by Jude Rogers.
9. Chalet Lines
After a week working in London, I find myself in Minehead, where the elements are conspiring against my desire to walk. By the elements, I mean harsh breezes, heady drink, and old friends. I am at a music festival called All Tomorrow’s Parties, held four times a year at a holiday camp in Somerset, and my plans to walk along the coast have been hobbled by indolence, old age, and a hangover.
By now it is Sunday early evening, quickly getting on, and the wind whips at my eyelashes, daring me to fight it. I take on the challenge, but instead of venturing out alone – it is too hard to do that – I take a tour of Butlins’ belly.
a. First, a little history. Billy Butlin set up his first holiday camp in Skegness in 1936, after being locked out of his Barry Island B&B by his landlady, and wanting to create a happier holiday environment. His first camps were used by the British army during the second world war, and the Minehead camp arrived when the seaside industry boomed in the early 1960s.
It sits on the brim of the North Somerset shore like something from space, all white bubbles and neat lines. From the main road, however, its history is a blur, its fancy new timeshare flats sparkling against the sky like a promise of modernity. Only within does its past come alive.
b. The chalets of Holnicote Village are guarded by the geese and the gulls. They are named after an estate in nearby Exmoor that takes up 5,000 acres of wild, bird-filled land. This Holnicote is simpler, shabbier, seven single-storey streets of cream walls and brown rooves.
In front of one, an old tree bends sharply towards the fading sunlight, its boughs fighting with gravity to stay away from the ground. Its leaves bruise with age, it withers against the spring.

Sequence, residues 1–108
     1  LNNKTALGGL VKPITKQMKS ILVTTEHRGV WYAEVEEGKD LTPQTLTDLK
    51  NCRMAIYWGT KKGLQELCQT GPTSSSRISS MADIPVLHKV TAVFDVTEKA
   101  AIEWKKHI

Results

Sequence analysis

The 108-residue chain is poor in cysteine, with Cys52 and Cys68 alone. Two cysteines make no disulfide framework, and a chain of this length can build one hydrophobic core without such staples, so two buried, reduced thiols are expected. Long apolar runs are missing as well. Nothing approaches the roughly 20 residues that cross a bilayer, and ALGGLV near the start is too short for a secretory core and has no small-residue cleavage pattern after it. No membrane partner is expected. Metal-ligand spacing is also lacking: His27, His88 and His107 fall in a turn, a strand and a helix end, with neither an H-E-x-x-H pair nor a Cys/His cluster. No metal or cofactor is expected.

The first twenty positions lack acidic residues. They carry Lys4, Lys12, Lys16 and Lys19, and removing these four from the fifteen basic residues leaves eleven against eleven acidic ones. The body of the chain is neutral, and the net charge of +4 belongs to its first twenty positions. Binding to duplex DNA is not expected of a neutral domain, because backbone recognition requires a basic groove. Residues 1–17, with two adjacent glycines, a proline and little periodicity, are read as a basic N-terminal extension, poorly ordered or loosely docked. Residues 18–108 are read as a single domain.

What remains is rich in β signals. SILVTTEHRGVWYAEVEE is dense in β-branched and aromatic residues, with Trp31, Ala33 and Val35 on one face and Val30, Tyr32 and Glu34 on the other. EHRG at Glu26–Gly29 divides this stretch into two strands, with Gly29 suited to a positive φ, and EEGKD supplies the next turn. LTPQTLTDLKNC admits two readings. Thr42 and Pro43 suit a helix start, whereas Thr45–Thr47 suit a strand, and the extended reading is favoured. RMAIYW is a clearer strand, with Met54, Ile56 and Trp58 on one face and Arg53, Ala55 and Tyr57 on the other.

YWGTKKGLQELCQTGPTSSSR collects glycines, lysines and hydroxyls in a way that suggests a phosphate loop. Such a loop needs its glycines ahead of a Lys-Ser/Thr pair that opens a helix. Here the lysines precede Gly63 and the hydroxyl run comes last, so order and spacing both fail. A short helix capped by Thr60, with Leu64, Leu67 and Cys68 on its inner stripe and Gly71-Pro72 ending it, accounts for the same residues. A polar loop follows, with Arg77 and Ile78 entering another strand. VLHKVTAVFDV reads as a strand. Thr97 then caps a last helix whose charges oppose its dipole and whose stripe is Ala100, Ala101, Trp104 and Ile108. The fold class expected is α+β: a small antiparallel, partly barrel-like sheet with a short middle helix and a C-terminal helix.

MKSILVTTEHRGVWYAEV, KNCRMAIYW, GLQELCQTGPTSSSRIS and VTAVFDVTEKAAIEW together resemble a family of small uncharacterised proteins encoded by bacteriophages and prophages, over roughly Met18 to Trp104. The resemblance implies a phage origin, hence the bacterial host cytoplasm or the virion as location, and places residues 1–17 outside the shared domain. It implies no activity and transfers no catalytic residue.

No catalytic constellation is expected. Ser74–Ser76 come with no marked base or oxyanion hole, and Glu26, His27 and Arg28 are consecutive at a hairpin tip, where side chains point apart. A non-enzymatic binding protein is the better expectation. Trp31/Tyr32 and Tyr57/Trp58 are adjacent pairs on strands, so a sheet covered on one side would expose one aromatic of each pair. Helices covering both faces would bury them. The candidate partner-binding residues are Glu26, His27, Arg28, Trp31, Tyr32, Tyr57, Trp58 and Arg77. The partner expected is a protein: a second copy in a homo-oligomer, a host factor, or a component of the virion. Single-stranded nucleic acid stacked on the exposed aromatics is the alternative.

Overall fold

c. In the middle of the site, away from the Water Park, the adventure golf and the dodgems, is the most incongruous thing: a small, white church. It looks like it has landed here from a pueblo blanco, a piece of rural Spain travelling through space and time.
The Church Of Ascension offers guests and staff a little moment of “private prayer and rest”, but today, late on Sunday, its doors are bolted shut. At the end of a weekend such as this, it is too late for contemplation.
d. There is a melancholy about Butlins that is hard to capture in recollections of what you have got up to there. Inside the chalets, the kitchens and bedrooms are institutional, but welcoming and warm. Inside the venues, arcade machines fizz and blink, fast food oozes and fills, and plenty of distractions and diversions stop the mind from wandering.
But once you are outside, especially when you are alone, you take in the shell of it, the skeleton of everything. Your mind rests on other things, like the little blue boats filled with sand that sit by the walkways, quiet and sad, watching its people roll drunkenly by.
e. As the day dies, even Butlin’s standard attractions take on different roles. Bob The Builder stands by the entrance to the Pavilion, his eyes cold like pinholes, his arms ready to rise. In his toolbelt sits a note for someone called Stew, last seen being “hurled by the “shouty-one-from-Pavement’s-missus”. Bob looks coldly unconcerned by his fate, even culpable.
f. The sun finally dips under the clouds as the crowds jostle in to hear Mark E. Smith, mooching and meandering against the dying of the light. A gull watches them silently, then opens his beak. He fills the air with noise as they leave him at his station, protecting his homeland, defending his world.